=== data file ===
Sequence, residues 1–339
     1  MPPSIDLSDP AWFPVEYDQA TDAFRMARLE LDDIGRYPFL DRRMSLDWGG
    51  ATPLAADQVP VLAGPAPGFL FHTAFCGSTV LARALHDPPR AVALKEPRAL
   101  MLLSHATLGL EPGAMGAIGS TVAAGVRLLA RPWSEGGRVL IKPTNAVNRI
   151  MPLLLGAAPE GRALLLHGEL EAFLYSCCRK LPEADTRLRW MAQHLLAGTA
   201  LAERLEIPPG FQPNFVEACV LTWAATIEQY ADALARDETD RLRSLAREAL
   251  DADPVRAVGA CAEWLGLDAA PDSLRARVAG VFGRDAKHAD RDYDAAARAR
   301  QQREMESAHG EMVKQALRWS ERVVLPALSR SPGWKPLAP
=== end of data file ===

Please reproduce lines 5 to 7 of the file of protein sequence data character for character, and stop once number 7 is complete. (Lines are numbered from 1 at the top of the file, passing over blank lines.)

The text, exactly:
   151  MPLLLGAAPE GRALLLHGEL EAFLYSCCRK LPEADTRLRW MAQHLLAGTA
   201  LAERLEIPPG FQPNFVEACV LTWAATIEQY ADALARDETD RLRSLAREAL
   251  DADPVRAVGA CAEWLGLDAA PDSLRARVAG VFGRDAKHAD RDYDAAARAR